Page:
Gain as much information before calling companies to insure with. There is a plethora of them seeking business noted by the several television ads alone; however, there several smaller companies that are less-known to the common person. A good safeguard to find information a company’s reputation is Best's Insurance Reports, which is available at the local library (free) and the Internet. Here is some information to look for:

 

-Operational and financial information

-Confirm the five-year rating history

-Determine which states insurance companies are licensed in

-Research competitors/insurers

 

A little research can go a long way. There can be the temptation to insure with a company that offers an attractive price but if they have red flags it can cost more down the road. The major companies shouldn't be much of a concern as with the smaller and unfamiliar ones.

 

4.8 The Premium  

The premium is the total amount of what is due to insurance company for a specific period of time. It can be in the form of yearly or biyearly and it is usually paid on a monthly basis. Some companies require quarterly payments (upfront), some require five consecutive monthly payments and the six month is skipped or they offer a lump sum option at a discount. Within the insurance documents it will list what is covered including the deductibles. There are two main types:

 

-$250 for comprehensive
-$500 for collision

 

The deductible is part of an insurance policy that the insured pays for each occurrence. For example, if an accident occurs and the deductible is $300 and damage is $700, the insurance company pays the remaining $400.   

 

There are policies that can help the policyholder pay less money in certain cases if there is a car insurance deductible waiver. In states where it's available, drivers are required to buy a collision deductible waiver in conjunction with the collision coverage. The purpose of this coverage is for the insurance company to pay the collision deductible if the insured car is involved in an accident in and the other driver is an uninsured motorist and is held legally responsible.


Depending on where one resides a deductible waiver may not be required; however, it is recommended one, for the protection and two, because it is small cost to the premium.

 

Reward Programs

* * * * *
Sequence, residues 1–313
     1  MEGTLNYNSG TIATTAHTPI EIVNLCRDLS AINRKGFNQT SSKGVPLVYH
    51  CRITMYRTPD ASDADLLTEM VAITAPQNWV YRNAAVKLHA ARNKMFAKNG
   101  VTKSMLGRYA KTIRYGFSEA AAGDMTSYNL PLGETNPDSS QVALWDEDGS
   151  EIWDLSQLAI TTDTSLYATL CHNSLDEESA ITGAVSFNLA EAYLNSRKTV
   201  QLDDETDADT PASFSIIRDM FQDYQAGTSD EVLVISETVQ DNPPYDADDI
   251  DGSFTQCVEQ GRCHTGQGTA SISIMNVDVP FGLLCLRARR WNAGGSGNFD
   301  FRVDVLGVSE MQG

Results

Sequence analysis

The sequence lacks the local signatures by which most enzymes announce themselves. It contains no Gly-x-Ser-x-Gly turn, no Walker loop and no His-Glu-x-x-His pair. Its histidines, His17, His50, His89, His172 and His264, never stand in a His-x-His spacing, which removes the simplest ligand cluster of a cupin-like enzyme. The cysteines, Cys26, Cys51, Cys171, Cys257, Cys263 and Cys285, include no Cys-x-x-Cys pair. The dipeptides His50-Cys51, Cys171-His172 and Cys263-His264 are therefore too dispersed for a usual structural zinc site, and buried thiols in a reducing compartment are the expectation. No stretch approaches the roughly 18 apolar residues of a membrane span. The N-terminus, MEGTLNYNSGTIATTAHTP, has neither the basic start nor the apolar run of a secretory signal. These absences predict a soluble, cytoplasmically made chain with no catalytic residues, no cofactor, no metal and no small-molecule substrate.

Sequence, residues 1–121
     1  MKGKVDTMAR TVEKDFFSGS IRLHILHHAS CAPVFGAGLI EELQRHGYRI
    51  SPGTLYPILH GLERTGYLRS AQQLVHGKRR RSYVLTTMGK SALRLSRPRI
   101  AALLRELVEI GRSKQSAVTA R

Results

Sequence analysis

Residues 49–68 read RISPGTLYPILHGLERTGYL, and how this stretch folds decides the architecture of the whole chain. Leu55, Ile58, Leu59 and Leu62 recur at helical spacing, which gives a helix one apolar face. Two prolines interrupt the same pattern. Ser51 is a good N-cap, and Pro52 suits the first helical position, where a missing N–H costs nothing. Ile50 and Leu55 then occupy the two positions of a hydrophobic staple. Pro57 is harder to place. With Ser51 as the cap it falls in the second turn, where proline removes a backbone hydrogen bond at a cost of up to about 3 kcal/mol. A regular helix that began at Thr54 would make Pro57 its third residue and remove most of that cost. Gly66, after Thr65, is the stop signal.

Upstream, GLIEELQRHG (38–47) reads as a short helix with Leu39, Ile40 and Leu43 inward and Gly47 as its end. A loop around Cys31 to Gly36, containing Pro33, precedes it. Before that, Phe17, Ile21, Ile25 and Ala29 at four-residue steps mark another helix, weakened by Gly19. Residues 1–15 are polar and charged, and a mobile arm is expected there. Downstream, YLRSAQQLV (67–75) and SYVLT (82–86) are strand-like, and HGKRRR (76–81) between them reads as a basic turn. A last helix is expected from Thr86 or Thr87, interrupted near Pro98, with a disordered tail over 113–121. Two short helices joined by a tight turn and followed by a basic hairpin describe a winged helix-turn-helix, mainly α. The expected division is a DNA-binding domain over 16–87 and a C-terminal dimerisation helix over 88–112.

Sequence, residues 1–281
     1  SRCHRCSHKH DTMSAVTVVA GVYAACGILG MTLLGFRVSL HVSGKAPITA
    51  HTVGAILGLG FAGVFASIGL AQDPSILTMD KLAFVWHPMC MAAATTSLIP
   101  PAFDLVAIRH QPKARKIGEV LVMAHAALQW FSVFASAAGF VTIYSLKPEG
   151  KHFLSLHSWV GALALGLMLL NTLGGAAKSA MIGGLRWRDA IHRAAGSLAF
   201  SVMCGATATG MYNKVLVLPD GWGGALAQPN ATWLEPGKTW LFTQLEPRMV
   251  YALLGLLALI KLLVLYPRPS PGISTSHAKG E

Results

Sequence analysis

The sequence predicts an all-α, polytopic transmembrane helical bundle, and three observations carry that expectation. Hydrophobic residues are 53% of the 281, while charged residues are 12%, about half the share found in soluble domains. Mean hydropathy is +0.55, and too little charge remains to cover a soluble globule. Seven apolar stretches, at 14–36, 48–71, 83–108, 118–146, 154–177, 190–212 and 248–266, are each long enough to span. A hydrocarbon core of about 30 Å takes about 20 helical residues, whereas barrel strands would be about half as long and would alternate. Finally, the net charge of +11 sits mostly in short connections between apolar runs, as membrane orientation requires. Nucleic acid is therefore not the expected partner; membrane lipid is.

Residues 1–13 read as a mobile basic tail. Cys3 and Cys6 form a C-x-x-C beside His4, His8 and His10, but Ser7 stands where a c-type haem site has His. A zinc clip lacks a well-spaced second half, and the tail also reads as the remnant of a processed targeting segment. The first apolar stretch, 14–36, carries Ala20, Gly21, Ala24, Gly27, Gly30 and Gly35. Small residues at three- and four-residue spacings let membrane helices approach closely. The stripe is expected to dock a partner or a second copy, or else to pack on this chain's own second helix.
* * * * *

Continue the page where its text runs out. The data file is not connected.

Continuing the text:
The competition between the major auto insurance carriers is fierce and this promotes them to offer more to the consumer’s pocketbook. With these programs it is important to understand how they work and it they are truly beneficial. Not all the same programs are offered and the logistics behind them will vary.

 

Vanishing Deductibles 

The premise behind vanishing deductibles is to reward drivers for accident-free history.  For example, If a policyholder is accident-free for a year it will decrease the deductible by $50-$100. Being a part of this program provides:

-Earn a $100 deductible credit immediately which applies to applies to both comprehensive and collision


-Every year where the driver is accident and major violation-free, with constant auto coverage, an additional $100 credit will be applied to a maximum of $500.

-Claims are automatically settled using the deductible credit which will be reset to $100. There is not cash value to the product the entire credit will be used in the event of a claim.


-The diminishing deductible credit will never go below $100. If the feature is removed rom the policy earned credit resets to $0.
 

The benefits of this program is that it reduces out of pocket expense and there is always at minimal deductible credit. Partnered with loyalty and safe driving, this reduces deductibles, opening the door to raise deductibles because the credit offsets the amounts. For example, take a driver who has earned $500 in vanishing deductible and $100 in other deductible discounts: